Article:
Taste: sour citrus and berries (makes me think of Oregon-grape), malty sweetness, toffee, chocolate, a touch of pepper, and mild peat at the back. After adding a few drops of water, the sourness become more recognizably lemony.

Finish: toffee, chocolate, light peat and pepper.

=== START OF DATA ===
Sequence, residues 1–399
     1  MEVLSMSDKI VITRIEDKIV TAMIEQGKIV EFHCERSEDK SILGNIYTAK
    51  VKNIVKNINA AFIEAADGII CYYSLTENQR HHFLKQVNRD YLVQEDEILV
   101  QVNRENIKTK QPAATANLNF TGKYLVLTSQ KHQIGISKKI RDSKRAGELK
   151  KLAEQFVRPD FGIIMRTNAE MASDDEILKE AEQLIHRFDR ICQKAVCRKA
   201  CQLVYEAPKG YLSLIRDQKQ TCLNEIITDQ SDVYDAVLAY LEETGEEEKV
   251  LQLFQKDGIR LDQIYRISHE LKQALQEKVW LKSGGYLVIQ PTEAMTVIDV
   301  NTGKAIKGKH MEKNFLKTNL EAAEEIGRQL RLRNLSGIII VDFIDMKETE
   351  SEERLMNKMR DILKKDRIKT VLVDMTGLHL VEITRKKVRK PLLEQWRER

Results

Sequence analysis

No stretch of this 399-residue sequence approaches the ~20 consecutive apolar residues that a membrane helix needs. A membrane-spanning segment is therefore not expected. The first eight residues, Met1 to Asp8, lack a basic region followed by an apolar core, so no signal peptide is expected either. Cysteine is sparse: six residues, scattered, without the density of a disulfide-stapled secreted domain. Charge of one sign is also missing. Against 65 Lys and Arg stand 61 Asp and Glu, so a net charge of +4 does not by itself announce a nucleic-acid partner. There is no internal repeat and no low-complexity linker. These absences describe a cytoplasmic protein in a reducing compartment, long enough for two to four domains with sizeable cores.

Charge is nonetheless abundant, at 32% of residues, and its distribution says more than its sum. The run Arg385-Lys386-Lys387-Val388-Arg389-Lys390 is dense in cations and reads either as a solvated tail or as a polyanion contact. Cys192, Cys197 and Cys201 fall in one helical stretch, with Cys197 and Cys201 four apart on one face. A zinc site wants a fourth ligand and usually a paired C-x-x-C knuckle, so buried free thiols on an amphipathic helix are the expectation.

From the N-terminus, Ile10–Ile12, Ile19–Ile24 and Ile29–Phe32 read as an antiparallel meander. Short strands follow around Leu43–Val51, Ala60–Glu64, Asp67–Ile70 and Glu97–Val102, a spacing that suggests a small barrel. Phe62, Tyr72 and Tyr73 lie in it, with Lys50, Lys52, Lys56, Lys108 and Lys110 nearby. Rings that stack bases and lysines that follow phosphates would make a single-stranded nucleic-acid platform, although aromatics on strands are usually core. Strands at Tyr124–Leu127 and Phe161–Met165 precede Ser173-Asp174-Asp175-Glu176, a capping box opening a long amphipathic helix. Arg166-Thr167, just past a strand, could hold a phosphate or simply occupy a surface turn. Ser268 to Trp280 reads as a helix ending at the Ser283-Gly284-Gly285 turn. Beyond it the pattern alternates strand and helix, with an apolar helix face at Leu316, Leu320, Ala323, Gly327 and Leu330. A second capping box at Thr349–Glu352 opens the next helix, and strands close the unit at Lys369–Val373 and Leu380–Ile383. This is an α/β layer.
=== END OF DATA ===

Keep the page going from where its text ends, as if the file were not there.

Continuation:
The first time I took a sniff of this whisky, all I could think was "Where did the peat go?". Longrow 10 is made from ex-bourbon and ex-sherry cask whiskies that are aged only a few years more than most of what goes into Longrow CV (there is some teenaged whisky in that expression, but probably not too much). Sure, there is also probably some 11-13 year old whisky in the 10 year old as well, but it's still not a huge difference in age. Yet the peat reek had been almost entirely washed away. In a lot of ways I think this actually makes it a more pleasant sipper - the peat is an accent on the malty flavors of toffee and chocolate. However, I did find myself wishing for something a bit more assertive. Admittedly, this may be a side-effect of tasting a sample rather than a fresh bottle, but other reviews suggest that Longrows quickly head in that direction as they get older - the 14 year old is supposed to be even more diminished (I'll find out for myself soon enough) and the 18 year old is downright tame. This is really, really surprising, both because of the heavy peat character in the CV expression and because the phenol concentration in the Longrow malt is about 50% higher than that of the malt used to make very peaty whiskies like Caol Ila and Lagavulin. There's something about the way Springbank ages their whiskies that causes the peat reek to diminish exponentially with time. It's not precisely a bad thing, but you have to properly calibrate your expectations. If you're looking for something Islay-style, this is going to be more of a Bowmore than a Laphroaig or Port Charlotte.